Carsten Nicolai: Yeah it was just gossip rather than real information. Because we didn't carry any reliable information [laughs].
Olaf Bender: But it was a very complex situation, because you couldn't really figure out who was your friend and who was a spy. But I think it's not so different from today. Even today, the secret service wants to control everything.
Carsten Nicolai: Yeah, the guys who have a free opinion about how society should work, or whatever. There's always a control mechanism, right?
Olaf Bender: I think they really wanted to control, that's why they involved so many people. Even people I was really sure were against the system.
The period when the Wall came down in Berlin is also the period when techno broke out. For you guys, you didn't start Rastermusic until '96, and then in '99 it merged with Carsten's label Noton, but what was techno to you? How would you describe your relationship with techno then and now?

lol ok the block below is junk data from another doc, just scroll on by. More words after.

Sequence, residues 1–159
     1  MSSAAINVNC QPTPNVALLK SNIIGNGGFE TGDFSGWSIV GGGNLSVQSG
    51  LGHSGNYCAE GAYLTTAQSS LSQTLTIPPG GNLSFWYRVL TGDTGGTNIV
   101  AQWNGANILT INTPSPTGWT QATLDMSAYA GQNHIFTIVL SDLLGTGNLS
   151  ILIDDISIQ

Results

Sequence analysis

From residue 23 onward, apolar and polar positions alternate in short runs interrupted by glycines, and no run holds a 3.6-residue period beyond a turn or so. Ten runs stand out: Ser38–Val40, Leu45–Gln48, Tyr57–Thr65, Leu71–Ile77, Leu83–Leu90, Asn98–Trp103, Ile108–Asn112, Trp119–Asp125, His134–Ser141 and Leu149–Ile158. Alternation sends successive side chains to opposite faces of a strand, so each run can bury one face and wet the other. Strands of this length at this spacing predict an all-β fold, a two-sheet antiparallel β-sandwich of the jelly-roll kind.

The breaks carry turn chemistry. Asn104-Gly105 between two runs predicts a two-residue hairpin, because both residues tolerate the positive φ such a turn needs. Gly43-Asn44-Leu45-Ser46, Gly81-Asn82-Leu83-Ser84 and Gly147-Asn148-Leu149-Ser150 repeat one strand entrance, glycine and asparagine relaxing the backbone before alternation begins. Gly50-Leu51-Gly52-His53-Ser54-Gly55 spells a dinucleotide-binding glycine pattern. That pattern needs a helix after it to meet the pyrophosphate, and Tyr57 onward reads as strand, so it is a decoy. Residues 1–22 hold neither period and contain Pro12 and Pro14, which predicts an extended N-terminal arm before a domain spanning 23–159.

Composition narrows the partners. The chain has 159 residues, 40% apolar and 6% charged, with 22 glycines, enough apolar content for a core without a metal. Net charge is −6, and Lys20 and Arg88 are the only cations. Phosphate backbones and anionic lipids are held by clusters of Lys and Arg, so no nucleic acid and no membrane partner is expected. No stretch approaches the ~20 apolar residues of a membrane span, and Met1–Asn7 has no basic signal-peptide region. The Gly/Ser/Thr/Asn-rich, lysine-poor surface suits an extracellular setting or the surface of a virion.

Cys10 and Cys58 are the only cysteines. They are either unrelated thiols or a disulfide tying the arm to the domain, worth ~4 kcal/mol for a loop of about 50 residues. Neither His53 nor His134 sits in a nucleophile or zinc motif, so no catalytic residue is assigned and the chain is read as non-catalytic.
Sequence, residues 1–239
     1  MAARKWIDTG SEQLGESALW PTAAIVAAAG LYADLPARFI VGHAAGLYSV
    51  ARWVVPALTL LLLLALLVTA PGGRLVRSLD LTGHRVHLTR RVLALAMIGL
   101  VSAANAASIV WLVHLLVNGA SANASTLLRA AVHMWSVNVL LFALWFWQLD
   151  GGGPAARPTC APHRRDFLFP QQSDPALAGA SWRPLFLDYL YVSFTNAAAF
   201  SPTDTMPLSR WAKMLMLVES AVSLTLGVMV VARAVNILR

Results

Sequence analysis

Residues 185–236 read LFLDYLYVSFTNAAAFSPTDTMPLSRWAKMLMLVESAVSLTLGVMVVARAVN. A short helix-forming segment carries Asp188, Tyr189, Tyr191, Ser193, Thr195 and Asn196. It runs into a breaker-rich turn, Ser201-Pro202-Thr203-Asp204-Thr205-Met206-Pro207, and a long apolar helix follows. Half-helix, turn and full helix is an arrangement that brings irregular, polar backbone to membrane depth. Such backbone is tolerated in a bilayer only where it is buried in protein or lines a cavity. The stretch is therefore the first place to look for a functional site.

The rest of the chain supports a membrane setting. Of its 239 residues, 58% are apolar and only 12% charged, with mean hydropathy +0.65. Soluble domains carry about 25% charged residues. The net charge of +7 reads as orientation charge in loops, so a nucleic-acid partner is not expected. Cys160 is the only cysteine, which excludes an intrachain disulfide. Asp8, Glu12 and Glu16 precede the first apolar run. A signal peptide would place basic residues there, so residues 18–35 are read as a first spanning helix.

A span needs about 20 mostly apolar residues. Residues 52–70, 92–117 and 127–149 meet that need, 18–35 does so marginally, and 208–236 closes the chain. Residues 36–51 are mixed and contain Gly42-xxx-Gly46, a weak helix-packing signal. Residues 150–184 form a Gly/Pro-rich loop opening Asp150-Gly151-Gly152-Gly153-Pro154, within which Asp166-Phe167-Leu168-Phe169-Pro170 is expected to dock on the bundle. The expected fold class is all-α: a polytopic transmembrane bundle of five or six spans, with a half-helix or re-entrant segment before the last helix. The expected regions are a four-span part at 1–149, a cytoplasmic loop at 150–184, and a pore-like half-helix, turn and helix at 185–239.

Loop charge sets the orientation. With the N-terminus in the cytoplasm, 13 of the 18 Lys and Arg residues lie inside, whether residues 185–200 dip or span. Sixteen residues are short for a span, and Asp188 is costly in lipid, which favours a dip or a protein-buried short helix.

Frank Bretschneider: For me, I was happy to hear analogue synthesizers again, because they were being used for the first time since the '60s, early '70s. Then all the music had these digital tools, digital synthesizers. And I heard suddenly filter sweeps, which I hadn't heard for ten years. I said, "Wow, this is my music." I was not so happy about the rhythm because it was the same, but it was the 303 and this was something that made it interesting for me.
Olaf Bender: My first connection to techno was in Chemnitz. We had a studio and next to it there was a club—but it was more like a social center. From one day to another, it took us a while to figure it out. Some people came with motorbikes and they started a party during the night—probably 20 people or so. And they danced the whole night. One day, I stepped into this club and they were playing techno, very young people, and I remember it was very intense. But I really enjoyed it. You didn't see any instruments, you didn't see a stage or someone performing—it was a guitar-fee zone. In a way, it was like, "Wow, this is a completely new lifestyle." I think it was in the air.